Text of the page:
The Cyber-Spy.Com Usenet Archive Feeds Directly
From The Open And Publicly Available Newsgroup
This Group And Thousands Of Others Are Available
On Most IS NNTP News Servers On Port 119.
Cyber-Spy.Com Is NOT Responsible For Any Topic,
Opinions Or Content Posted To This Or Any Other
Newsgroup. This Web Archive Of The Newsgroup And
Posts Are For Informational Purposes Only.
From: "RP Henry"
Subject: Re: LEDs For Dummies? Pointers needed.
Date: Mon, 9 Dec 2002 14:54:44 -0800
X-Newsreader: Microsoft Outlook Express 6.00.2800.1106
"Brett" wrote in message
> Or you could use some diodes and resistors off the parallel port.
> Dataline to diode to resistor (2k-5k?) to LED to ground? The more
> you have on the brighter it gets.
> "Gregory L. Hansen" wrote in message
> > In article ,
> > Greg wrote:
> > >Hi,
> > >
> > >I am starting a simple project where I would like to control an LED's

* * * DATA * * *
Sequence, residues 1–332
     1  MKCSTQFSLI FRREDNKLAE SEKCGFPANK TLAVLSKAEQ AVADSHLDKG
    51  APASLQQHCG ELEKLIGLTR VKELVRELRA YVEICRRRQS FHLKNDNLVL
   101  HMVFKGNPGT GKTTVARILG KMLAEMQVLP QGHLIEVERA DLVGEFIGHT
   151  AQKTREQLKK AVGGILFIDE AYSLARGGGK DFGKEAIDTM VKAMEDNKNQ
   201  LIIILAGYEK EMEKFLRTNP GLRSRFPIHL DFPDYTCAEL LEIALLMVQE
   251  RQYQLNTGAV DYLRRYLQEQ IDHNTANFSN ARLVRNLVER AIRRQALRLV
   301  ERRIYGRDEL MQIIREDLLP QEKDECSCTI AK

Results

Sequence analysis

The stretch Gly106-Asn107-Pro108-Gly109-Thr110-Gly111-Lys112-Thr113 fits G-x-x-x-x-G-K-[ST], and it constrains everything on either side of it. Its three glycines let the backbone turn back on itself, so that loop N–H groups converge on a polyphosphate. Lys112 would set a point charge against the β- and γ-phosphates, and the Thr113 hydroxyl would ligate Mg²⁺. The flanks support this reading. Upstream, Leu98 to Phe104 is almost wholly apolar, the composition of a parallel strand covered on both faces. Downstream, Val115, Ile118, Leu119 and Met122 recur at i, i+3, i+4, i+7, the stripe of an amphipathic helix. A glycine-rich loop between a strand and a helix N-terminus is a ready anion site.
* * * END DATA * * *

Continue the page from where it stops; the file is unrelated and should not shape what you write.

> > >intensity from a computer. I have experience programming and with data
> > >acquisition cards. However, I am a newbie with LED control.
> > >
> > >Any pointers for good books or web sources for information on this
> > >to get me started?
> > More current makes the LED brighter, less makes it dimmer.
> > What else could you need? You have the computer with the digital to
> > analog converter. Connect the DAC output directly to the LED, with a
> > resistor in series so that at the highest voltage, the maximum allowable
> > current will be going through the LED. The LED itself will drop about
> > volts. The LED is an approximately zero resistance load, so you'll burn
> > it up if you try to run it without a resistor to limit the current.
Or you can run it without resistors with PWM brightness control, keeping the
maximum on time low enough to limit the average current to a safe level. Of
course, if you cycle is too slow, or you software hangs up with the current
Go Back To The Cyber-Spy.Com
Usenet Web Archive Index Of
The sci.electronics.design Newsgroup